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From a barn in Creston to a major employer in the Flathead, Nomad celebrates 20 years

| November 2, 2022 7:30 AM


Hungry Horse News

Columbia Falls firm Nomad GCS saw its 20th anniversary this year.

The company started in a family barn near Creston, as friends and partners Shane Ackerly, Clay Binford, Seth Schmautz and brother Will Schmautz decided to make a mobile command center for agencies like the Forest Service, which needed to be able to access the Internet and communicate remotely while fighting forest fires.

The first trailer, which took the team thousands of hours to build, did the job. It also doubled as an Internet hub for tourists in the summer of 2003. The partners set up the trailer near the gift shop in West Glacier so tourists at the time could access their email and surf the web — for a small fee.

This was four years before the first iPhone.

The year 2003 would end up being an historic fire year and Nomad immediately went to work for the Forest Service on the Wedge Canyon Fire up the North Fork.

“If we didn’t have a significant fire year, things may have been different,” Will Schmautz, CEO of the company said in a recent interview.

Today Nomad is a multi-million dollar company and employs about 200 people at its facility on Highway 2 south of Columbia Falls, making speciality vehicles for federal, state and private companies around the country and the world.

But the business has most certainly changed over the years. Schmautz noted that wildland firefighting is about 1/2 of 1% of its business.

The federal government as a whole, however, continues to play a significant role in the business, with 60 to 70% of orders coming from federal agencies, 15% from state and local governments and 15% from the private sector.

The company takes pains to collaborate with customers to build mobile command centers and equipment to their needs.

On the local front, for example, the company built a mobile mammography unit for Logan Health, so the hospital can do mammograms for remote communities in western Montana instead of having patients travel for hours to the hospital.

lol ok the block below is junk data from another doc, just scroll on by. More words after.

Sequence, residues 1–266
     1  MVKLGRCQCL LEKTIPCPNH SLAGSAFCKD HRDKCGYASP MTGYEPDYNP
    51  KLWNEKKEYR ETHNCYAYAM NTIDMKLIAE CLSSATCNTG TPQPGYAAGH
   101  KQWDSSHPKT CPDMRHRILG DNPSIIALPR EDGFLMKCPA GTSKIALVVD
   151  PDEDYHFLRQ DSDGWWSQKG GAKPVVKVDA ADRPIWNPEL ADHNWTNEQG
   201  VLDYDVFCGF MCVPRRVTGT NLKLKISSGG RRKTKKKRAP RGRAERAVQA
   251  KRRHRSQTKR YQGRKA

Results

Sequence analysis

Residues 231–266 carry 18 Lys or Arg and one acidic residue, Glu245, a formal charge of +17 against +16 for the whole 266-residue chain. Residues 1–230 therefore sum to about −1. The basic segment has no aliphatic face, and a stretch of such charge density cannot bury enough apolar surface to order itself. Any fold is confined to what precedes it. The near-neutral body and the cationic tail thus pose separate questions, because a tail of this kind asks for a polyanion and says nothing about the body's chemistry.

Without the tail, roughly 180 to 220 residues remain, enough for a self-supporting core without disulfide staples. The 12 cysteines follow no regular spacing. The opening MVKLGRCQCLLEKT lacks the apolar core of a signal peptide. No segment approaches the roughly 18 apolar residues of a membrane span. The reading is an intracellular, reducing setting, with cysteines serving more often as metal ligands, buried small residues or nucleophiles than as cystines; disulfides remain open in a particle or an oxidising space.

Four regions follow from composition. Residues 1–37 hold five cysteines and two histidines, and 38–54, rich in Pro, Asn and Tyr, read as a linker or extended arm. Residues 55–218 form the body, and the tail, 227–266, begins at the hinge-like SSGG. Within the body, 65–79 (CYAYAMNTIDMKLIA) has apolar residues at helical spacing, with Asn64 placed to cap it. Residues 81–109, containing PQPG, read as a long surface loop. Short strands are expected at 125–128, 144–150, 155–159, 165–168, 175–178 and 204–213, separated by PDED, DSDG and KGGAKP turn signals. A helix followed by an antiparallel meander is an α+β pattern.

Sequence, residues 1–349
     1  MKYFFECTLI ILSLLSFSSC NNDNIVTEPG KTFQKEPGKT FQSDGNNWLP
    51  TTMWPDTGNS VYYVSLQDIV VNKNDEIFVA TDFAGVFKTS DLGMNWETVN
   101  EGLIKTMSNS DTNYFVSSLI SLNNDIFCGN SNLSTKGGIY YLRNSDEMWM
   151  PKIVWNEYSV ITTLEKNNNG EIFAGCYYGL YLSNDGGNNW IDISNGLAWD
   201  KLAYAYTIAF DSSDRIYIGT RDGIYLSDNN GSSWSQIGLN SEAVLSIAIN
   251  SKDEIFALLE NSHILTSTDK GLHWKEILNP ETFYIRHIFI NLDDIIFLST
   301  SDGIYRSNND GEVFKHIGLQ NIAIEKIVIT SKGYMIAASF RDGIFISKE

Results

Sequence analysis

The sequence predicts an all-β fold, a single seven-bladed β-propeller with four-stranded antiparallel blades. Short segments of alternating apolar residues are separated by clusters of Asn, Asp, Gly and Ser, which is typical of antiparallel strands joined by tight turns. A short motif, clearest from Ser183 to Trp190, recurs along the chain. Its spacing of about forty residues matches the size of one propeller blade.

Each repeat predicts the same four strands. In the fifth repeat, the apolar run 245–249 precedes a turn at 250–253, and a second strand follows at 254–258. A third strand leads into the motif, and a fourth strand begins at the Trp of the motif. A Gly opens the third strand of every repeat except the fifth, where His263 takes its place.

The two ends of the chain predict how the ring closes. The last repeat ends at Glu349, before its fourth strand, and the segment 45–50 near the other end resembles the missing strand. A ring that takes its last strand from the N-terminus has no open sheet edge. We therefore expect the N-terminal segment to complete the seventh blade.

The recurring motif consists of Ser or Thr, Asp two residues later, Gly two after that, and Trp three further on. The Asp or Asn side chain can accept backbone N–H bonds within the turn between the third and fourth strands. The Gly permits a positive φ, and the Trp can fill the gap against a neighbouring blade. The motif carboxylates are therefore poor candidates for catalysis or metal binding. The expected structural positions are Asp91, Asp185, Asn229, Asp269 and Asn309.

The company recently was awarded $20 million in the Defense Appropriations bill along with laser manufacturer BlueHalo to develop a mobile system that would use lasers to shoot down drones in war. Schmautz said Blue Halo is developing the lasers and Nomad will develop the vehicle to support it.

The company needs more workers, Schmautz noted. It could use another 50. It’s already expanding operations to Alabama, Nevada and Maryland where it needs help on engineering and technical support. It’s also considering another manufacturing facility in Libby.

Over the years, Schmautz said the core of the business has remained the same and it’s not all about the products.

“Almost all of it is going to end up in a museum or junkyard,” he said. “We’re building partnerships and relationships to solve problems.”

He said over the years there have been some notable clients, like the Army Corps of Engineers.

“They continue to impress me on how well they do business,” he said.

He also said the work they’ve done for the Air Force has been gratifying as well.

“It feels so darn important,” he said.

The four partners are still close friends today.

“We all got gravel bikes so we can go out and ride together,” he said. A group vacation is also in the works.

As for the barn in Creston?

Schmautz said they had to take it down last year before it fell down on its own, but they have plans to rebuild it and use some of the old timbers in the new construction.